My only asset was that I could talk, and that’s a doubtful asset on a dance floor. People don’t go to dances for conversation, they go to dance and to see who they can collect to take home later. It really did me a disservice to be able to talk because I deviated from the norm in my conversation. It should go like this: the boy says to you, ‘Do you come here often?’ and you answer, ‘Oh yes, fairly often,’ then he says, ‘ Lovely floor, isn’t it?’ then you say, ‘Oh yes, very springy.’ Then he’d say, ‘It’s a good band, isn’t it?’ and you answer, ‘Yes it’s got good rhythm, hasn’t it?’ Instead I’d talk to my partners about historical London, or ask them if they read Dickens. They must have thought I was some kind of freak. They’d never even heard of Dickens, let alone read any of him.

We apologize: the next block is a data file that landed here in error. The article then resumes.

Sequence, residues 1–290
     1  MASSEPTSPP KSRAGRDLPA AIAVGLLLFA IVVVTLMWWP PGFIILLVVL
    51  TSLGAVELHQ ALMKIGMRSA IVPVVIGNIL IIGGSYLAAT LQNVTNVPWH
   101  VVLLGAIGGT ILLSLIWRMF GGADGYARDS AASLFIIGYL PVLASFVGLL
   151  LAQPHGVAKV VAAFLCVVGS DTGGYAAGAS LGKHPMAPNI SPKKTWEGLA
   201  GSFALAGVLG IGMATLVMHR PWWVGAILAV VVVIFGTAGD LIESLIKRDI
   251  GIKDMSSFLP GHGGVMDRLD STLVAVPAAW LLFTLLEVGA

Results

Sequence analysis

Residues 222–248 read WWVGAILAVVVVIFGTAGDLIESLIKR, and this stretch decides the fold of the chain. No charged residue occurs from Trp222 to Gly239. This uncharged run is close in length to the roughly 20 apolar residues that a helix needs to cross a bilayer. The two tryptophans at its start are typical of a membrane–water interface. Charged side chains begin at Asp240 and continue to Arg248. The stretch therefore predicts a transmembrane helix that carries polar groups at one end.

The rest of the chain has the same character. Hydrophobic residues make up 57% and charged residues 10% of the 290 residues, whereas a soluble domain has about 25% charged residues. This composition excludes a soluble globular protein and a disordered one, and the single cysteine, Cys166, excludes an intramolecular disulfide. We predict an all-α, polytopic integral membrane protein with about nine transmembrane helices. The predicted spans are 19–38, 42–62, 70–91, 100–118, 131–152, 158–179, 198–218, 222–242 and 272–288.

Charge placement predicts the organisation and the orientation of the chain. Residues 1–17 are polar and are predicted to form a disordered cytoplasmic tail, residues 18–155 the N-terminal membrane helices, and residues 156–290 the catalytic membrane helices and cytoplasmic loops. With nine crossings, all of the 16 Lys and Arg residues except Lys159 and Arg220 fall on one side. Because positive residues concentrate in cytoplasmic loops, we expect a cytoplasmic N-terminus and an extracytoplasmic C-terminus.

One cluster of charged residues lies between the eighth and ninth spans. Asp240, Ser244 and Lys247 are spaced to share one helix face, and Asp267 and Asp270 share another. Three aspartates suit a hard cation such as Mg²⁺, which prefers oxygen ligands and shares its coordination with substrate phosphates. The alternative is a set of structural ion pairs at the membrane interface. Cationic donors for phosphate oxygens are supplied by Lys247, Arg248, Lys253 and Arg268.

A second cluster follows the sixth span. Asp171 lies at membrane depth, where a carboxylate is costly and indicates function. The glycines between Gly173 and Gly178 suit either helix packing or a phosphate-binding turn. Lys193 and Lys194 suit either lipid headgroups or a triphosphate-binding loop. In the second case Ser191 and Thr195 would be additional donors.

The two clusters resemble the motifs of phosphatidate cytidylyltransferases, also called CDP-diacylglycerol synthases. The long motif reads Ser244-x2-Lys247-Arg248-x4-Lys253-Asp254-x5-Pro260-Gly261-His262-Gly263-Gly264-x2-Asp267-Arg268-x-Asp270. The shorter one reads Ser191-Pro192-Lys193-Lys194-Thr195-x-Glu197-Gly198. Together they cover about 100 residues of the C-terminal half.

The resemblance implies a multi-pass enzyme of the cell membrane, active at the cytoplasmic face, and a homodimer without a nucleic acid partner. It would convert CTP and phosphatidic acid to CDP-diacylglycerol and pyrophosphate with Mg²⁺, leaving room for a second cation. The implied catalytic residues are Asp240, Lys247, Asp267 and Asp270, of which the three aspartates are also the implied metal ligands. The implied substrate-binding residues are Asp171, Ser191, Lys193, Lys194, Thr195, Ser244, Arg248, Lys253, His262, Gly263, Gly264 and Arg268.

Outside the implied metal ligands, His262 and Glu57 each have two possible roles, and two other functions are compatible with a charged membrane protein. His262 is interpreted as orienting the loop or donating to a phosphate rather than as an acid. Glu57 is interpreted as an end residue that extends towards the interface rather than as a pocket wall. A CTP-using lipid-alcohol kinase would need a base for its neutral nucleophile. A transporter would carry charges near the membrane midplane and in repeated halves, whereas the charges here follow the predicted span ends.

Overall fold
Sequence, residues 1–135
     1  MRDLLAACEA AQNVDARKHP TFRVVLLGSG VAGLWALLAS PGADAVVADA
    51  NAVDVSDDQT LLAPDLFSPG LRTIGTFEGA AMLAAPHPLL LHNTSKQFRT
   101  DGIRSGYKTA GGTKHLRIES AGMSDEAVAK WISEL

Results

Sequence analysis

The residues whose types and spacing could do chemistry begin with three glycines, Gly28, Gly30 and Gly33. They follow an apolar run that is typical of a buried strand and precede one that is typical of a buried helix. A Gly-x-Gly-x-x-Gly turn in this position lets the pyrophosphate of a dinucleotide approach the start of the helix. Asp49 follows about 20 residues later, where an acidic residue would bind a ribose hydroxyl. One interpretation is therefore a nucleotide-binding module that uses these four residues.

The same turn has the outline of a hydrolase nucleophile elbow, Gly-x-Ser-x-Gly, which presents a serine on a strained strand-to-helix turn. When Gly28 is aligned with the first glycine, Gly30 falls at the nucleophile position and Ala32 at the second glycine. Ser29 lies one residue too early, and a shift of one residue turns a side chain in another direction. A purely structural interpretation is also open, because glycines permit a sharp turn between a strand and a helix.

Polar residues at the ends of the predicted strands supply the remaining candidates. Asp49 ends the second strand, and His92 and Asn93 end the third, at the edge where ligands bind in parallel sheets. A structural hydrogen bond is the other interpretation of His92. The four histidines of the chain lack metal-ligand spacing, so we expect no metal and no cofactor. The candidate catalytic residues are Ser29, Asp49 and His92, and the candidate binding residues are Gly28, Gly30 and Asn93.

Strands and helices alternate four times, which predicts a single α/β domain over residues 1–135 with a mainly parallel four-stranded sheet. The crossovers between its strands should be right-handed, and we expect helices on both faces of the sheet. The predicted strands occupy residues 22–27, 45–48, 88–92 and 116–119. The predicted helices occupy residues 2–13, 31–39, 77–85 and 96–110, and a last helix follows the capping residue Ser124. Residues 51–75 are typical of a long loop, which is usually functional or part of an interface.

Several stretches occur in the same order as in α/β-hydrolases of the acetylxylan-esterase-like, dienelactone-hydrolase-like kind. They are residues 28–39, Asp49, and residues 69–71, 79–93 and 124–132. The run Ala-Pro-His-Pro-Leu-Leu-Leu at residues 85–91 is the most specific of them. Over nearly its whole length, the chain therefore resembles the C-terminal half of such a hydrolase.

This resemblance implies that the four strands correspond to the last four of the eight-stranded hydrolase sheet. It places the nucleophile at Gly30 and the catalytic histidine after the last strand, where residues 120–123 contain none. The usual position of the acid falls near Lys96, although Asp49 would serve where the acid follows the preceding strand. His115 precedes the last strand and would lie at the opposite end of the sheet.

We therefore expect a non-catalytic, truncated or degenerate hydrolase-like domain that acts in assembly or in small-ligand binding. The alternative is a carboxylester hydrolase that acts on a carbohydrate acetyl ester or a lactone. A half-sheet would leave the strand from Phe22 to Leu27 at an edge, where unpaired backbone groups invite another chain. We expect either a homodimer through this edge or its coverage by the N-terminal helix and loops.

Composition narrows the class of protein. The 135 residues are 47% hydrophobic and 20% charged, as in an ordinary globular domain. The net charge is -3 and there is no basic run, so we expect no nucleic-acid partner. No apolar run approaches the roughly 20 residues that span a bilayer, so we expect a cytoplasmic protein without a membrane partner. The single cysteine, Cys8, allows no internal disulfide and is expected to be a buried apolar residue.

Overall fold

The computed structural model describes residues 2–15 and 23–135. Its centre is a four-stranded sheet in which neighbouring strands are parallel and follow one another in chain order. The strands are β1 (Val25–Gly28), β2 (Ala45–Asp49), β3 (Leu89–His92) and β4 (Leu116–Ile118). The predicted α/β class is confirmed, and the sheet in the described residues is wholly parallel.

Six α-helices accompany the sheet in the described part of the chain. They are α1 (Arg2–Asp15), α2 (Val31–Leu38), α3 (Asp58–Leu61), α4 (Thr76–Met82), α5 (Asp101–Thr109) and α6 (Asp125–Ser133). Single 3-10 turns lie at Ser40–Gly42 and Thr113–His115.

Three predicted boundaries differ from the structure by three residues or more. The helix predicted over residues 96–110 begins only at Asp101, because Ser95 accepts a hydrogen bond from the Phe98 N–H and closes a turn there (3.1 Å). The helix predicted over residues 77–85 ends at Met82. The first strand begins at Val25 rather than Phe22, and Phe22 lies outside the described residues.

I was beginning to lap up culture, even in those days I always found time for reading, I mean books that were worth reading.
Sometimes I would try talking about Conrad, books a boy would like, Henty even, or O. Henry. But they’d never read anything like that at all, and I’d get dropped like a hot cake.
—Margaret Powell, Below Stairs